The interrupted threads to be described herein can be produced by removing sections of threads on a threaded connection or can be produced by machining, milling, or a similar process. It should be appreciated that the protuberances or thread segments, or shorter pieces of the original thread that remain after a portion of the threads are cut away or that are otherwise produced in or on the pipe ends or attachable pipe segments are referred to as interrupted threads, partial threads, lugs, cams, threads, protrusions, protuberances, thread segments and the like. These terms should not be distinguished based on method of production. As an example, whether a protuberance is produced as a result of removing a portion of an existing thread or by machining or milling operations when no thread exists, the protuberance (or multiple protuberances) would be within the scope of this invention regardless of the term describing it. It should be further appreciated that there are a large variety of synonyms for these protuberances and the arrays of the protuberances that are formed by cutting away sections of the threads or that are otherwise produced in or on the pipe ends or attachable pipe segments. Substantially the same synonyms are used when these protuberances or thread segments are the result of machining, milling, or similar operations to produce the pipe end configurations. The grouping of these protuberances is typically referred to as arrays, circumferential arrays, patches, cam patches and the like. The areas between the arrays of protuberances are typically referred to as slots or other synonymous names. These terms are used interchangeably herein to aid those in the art with a more complete understanding of the present invention. Thus, the name applied to these protuberances, arrays of protuberances, or areas between the arrays is not intended to limit the present invention.

FIGS. 1, 2, and 3 relate to embodiments of the connection form. Pipe section 1 is joined to pipe section 2. FIGS. 1-5 define the general areas of the connection rather than individual features. The pin end has an array of interrupted threads or protuberances CP between slots S. In one embodiment, slot S is a circumferential cut-out that just removes the threads on three places on the pin circumference. Similar cut-outs are made in the box threads. The slots on each part will accept, in axial movement, the thread segment arrays on the other part. The thread element TH extending circumferentially across an array is the protuberance which can be a partial thread, an interrupted thread, a thread segment, a cam, a lug or a similar protrusion. When the parts move axially together for pipe string assembly, abutment BA will be in contact with the pin and abutment PA will be in contact with the box. It should be appreciated that the terms pin and box refer to a male end connection and female or socket end connection respectively. When threads are dynamically loaded by pile driving, the stab flank gets loaded by shock. Therefore, the stab flank is sometimes referred to as the shock flank. Connecting configurations that have sufficient shoulder, or abutment, area may not shock load the threads.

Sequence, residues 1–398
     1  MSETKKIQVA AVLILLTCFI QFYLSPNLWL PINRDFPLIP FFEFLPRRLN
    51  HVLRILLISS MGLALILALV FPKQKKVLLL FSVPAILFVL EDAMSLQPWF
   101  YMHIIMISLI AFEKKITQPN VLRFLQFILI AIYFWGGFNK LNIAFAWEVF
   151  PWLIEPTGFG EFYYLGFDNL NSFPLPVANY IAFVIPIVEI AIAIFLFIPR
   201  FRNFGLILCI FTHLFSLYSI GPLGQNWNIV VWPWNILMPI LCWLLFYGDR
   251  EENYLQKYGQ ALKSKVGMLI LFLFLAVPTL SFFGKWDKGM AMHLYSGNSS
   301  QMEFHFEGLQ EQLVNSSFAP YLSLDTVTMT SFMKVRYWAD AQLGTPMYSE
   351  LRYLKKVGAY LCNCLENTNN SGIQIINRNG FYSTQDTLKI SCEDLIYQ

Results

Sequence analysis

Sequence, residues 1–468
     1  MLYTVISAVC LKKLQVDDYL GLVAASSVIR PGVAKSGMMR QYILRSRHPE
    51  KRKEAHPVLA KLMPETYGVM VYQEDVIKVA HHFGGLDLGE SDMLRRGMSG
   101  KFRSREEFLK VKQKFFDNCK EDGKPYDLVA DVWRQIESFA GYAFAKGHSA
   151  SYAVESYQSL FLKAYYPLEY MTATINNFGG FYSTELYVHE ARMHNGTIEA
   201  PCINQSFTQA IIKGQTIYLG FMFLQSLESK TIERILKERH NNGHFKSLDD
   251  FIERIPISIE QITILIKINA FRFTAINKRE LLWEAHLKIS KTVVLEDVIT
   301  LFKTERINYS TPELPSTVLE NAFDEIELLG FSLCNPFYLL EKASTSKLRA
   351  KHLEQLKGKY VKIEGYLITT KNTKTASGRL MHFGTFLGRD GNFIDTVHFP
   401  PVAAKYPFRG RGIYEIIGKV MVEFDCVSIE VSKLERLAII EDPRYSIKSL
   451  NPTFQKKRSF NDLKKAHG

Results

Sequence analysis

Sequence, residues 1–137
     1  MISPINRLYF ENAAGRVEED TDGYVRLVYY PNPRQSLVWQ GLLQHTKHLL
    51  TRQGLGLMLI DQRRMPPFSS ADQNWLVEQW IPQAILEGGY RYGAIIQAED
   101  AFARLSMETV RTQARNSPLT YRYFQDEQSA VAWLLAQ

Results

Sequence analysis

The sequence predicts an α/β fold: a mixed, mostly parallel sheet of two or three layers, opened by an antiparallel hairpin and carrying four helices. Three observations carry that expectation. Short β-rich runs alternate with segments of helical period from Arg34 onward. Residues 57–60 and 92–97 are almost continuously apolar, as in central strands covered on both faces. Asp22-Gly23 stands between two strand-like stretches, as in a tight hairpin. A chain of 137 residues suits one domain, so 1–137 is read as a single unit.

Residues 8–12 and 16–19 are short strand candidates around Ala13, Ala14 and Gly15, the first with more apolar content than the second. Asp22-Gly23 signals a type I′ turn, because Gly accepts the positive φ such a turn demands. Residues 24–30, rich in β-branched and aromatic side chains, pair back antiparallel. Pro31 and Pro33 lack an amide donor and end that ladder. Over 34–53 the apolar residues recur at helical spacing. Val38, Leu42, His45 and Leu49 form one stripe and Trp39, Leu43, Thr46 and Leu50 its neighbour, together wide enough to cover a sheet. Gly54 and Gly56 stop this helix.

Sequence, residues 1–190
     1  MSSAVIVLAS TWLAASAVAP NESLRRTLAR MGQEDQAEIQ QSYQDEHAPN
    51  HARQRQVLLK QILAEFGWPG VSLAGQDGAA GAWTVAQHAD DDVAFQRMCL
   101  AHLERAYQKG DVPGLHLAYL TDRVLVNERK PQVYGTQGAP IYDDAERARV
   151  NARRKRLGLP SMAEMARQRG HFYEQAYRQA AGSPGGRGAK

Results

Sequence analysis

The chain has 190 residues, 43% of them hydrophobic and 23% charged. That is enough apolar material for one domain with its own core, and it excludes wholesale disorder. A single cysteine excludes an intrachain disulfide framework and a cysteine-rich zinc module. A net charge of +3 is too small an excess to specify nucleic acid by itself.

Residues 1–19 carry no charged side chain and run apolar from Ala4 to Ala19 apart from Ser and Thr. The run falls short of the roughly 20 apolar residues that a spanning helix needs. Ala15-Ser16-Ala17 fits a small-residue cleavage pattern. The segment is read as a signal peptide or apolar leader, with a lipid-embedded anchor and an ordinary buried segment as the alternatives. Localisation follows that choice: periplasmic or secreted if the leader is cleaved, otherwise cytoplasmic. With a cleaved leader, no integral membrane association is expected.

Pipe segments subject to pile driving have a diameter to wall thickness ratio that varies considerably. Different ratios require different threads. Some ratios require abutments capable of accepting pile driving loads borne by the abutments alone, with threads accepting the rebound energy. In some cases threads alone carry the shock load and no separate abutment is involved.

FIG. 3 shows box end 2 a and pin end 1 a with box extension BE and pin extension PE separated by mating thread length MT. The thread length is slightly tapered and the box and pin extensions are cylindrical.

In FIG. 4, another embodiment, the threaded length MT is generally straight and the extensions are generally conical. Considering the connection as a box and pin arrangement, abutting shoulders are preferably provided at each end of the threaded engagement portion. In effect the threads or protrusions, pull the shoulders into abutment. The preferred abutments are shaped to prevent the radial separation that axial impacts tend to cause. Both straight and tapered threads are disclosed with the present novel features. Thread forms preferred are square, buttress, and entrapment with the choice influenced by factors including pipe wall thickness and the ratio of diameter to wall thickness of the pipe. The abutments BA and PA have different amounts of taper. As an option, either or both of the extensions can have interference fits to seal the bore or to provide rotational restraint to prevent unscrewing the connection when the hammering takes place. The extensions shown, if tapered as shown, are tighter under hammer blows that typically loosen the load flank of the thread segments. It should be noted that the shock load on the abutments cause the thinner pipe mating part to be thrust toward the nearest radially restraining surface. It should be understood, as illustrated in FIG. 4A, that pipe ends 1 b and 2 b may be rings to be welded W to other pipe segments PS1,PS2.